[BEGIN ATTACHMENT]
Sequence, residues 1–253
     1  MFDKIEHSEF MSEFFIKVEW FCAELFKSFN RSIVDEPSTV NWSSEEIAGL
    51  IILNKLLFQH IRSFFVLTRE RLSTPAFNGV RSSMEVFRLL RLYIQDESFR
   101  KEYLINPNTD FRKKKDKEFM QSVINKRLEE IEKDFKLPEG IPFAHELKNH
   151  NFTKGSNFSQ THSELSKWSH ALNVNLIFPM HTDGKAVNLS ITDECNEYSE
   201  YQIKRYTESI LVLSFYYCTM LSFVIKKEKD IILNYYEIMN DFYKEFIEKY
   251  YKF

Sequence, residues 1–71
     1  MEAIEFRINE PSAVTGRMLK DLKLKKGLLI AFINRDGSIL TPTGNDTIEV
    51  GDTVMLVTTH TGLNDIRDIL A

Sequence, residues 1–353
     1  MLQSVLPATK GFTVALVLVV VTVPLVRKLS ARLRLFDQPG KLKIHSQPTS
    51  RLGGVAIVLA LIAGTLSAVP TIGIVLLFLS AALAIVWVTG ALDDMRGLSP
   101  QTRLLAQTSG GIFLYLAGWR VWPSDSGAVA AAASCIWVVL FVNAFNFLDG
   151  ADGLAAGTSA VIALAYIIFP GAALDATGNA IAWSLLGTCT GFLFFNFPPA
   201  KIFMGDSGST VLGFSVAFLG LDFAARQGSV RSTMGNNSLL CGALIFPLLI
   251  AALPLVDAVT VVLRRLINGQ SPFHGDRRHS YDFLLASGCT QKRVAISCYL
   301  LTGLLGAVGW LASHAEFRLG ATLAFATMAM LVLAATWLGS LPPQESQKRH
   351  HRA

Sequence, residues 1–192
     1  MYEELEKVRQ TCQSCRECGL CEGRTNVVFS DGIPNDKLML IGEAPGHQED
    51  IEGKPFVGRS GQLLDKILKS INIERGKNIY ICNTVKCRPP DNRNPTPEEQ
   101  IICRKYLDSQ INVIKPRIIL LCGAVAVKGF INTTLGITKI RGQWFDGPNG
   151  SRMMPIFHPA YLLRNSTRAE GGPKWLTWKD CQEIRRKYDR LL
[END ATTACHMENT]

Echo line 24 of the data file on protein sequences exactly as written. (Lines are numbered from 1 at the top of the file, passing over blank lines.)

   151  SRMMPIFHPA YLLRNSTRAE GGPKWLTWKD CQEIRRKYDR LL